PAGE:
For voice communications, the overall operation of mobile station 202 is substantially similar, except that the received signals would be output to speaker 234 and signals for transmission would be generated by microphone 236. Alternative voice or audio I/O subsystems, such as a voice message recording subsystem, may also be implemented on mobile station 202. Although voice or audio signal output is preferably accomplished primarily through speaker 234, display 222 may also be used to provide an indication of the identity of a calling party, duration of a voice call, or other voice call related information, as some examples.

Serial port 230 in FIG. 2 is normally implemented in a personal digital assistant (PDA)-type communication device for which synchronization with a user's desktop computer is a desirable, albeit optional, component. Serial port 230 enables a user to set preferences through an external device or software application and extends the capabilities of mobile station 202 by providing for information or software downloads to mobile station 202 other than through a wireless communication network. The alternate download path may, for example, be used to load an encryption key onto mobile station 202 through a direct and thus reliable and trusted connection to thereby provide secure device communication.

Short-range communications subsystem 240 of FIG. 2 is an additional optional component which provides for communication between mobile station 202 and different systems or devices, which need not necessarily be similar devices. For example, subsystem 240 may include an infrared device and associated circuits and components, or a Bluetooth™ communication module to provide for communication with similarly-enabled systems and devices. Bluetooth™ is a registered trademark of Bluetooth SIG.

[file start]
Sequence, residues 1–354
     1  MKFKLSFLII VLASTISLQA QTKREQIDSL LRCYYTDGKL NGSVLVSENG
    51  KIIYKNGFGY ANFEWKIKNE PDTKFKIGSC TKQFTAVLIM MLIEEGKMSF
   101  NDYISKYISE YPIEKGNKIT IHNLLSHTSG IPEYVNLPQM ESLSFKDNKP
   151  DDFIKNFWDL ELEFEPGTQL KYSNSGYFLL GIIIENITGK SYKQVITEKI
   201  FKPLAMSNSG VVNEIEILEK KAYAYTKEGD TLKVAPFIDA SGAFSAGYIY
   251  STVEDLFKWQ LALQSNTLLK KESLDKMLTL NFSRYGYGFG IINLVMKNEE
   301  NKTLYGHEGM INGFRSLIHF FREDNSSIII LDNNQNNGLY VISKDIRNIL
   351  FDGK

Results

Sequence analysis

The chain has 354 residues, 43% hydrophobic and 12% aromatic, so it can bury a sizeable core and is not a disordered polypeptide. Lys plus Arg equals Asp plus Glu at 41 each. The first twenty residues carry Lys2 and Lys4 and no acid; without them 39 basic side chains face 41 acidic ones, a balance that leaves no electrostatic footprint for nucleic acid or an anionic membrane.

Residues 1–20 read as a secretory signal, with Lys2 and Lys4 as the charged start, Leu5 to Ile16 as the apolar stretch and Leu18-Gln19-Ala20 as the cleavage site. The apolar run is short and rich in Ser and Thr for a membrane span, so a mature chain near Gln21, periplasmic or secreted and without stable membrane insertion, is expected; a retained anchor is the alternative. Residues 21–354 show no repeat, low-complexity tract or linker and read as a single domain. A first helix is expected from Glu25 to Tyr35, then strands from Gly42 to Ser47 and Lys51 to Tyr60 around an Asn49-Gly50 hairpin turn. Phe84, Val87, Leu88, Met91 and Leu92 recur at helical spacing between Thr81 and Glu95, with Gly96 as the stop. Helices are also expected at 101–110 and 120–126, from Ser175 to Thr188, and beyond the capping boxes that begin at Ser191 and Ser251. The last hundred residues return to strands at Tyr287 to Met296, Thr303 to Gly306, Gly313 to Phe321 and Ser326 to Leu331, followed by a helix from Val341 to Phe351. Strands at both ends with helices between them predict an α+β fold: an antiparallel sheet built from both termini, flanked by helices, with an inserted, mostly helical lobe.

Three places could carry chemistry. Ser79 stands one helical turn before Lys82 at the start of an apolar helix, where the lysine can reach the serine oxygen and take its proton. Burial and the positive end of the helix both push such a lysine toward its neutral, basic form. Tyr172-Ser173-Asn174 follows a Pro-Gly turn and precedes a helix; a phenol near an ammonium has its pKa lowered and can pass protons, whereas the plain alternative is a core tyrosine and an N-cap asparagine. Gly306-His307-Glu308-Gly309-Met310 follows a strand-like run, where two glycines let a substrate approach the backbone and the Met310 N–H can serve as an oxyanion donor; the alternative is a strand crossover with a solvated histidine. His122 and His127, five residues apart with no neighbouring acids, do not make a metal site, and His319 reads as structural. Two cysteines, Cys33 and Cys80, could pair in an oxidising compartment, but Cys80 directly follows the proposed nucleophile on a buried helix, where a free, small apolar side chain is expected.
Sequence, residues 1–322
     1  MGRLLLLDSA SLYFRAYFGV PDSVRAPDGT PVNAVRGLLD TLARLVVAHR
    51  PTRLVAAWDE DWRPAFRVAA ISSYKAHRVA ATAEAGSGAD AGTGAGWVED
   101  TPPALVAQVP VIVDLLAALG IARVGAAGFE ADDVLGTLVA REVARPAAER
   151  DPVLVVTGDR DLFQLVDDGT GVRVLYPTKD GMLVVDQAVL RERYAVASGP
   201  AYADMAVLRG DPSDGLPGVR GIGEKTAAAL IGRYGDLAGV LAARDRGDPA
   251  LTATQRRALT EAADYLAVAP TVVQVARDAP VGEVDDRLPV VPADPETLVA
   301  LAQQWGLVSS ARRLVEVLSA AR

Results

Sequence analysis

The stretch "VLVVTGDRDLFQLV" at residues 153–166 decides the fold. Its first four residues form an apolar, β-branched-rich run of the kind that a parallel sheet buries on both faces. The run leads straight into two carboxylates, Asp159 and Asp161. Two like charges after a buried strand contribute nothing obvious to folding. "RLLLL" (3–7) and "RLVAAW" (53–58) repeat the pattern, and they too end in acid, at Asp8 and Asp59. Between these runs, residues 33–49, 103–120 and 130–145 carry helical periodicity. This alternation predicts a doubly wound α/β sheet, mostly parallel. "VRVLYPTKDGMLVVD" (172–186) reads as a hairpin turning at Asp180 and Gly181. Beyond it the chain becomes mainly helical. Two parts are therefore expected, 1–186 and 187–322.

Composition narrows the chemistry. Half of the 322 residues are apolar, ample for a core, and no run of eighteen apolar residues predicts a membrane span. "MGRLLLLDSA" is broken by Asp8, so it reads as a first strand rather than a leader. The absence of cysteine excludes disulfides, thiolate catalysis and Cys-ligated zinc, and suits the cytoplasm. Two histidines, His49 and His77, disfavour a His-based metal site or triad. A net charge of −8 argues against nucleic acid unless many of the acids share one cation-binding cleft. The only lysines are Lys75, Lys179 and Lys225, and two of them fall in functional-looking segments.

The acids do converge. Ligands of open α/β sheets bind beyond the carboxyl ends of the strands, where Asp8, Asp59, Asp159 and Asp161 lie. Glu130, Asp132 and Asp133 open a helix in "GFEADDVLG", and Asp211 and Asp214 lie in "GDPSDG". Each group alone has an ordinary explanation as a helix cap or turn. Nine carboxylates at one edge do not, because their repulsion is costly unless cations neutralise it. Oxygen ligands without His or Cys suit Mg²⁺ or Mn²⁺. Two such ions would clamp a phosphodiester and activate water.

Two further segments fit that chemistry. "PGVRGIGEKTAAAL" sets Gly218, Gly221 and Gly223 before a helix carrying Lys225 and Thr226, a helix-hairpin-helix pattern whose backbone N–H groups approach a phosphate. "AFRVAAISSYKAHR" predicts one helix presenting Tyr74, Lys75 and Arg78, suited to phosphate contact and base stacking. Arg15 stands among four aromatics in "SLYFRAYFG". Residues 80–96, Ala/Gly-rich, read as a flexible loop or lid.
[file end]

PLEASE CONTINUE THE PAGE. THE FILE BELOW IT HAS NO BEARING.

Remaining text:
Referring back to FIG. 1, mobile station 102 may be operative to provide GPS location information to a requesting entity (e.g. terminating call party 150 or emergency center 152) for the identification of the location of mobile station 102. To do this, one of a few different techniques may be utilized in wireless network 104. For one, mobile station 102 causes GPS navigational-tyke data to be regularly or periodically requested, received, and stored in memory during its idle mode of operation or during a voice call. GPS navigational-type data may be “raw” navigational data or, alternatively, data derived from the raw navigational data which may include GPS ephemeris parameter data and/or GPS almanac parameter data (“hence the term, “navigational-type” data). The GPS navigational-type data may be received from location server 190 through the wireless network or, alternatively, directly from GPS system 154, or both. Note that location server/PDE 190 utilizes a triangulation/trilateration procedure to obtain the coarse location of mobile station 102 in order to derive the GPS acquisition assistance information for mobile station 102. Alternatively, the longitude and latitude of the serving base station(s) that may be available from broadcasted messages from the base station(s) may be used as the coarse location for location server/PDE 190 to derive the GPS acquisition assistance information for mobile station 102.

Subsequently, mobile station 102 performs a GPS procedure for obtaining GPS location information. In particular, mobile station 102 derives GPS acquisition assistance data and/or sensitivity assistance data based on the last previous GPS navigational-type data received and stored in memory. GPS acquisition assistance data may include data that identifies the appropriate surrounding GPS satellites, Doppler frequencies, and time delay window information. Sensitivity assistance data includes predicted bit contents of the GPS navigational data that will be modulated onto the GPS signals at the time the GPS fix is going to be performed. Next, mobile station 102 causes a GPS fix to be performed with GPS system 154. During the GPS fix, the GPS/wireless receiver of mobile station 102 is tuned to a GPS frequency to receive GPS signals from GPS system 154. Mobile station 102 obtains GPS measurement data associated with mobile station 102 based on the GPS signals received from GPS system 154. The GPS measurement data may be or include GPS pseudorange data.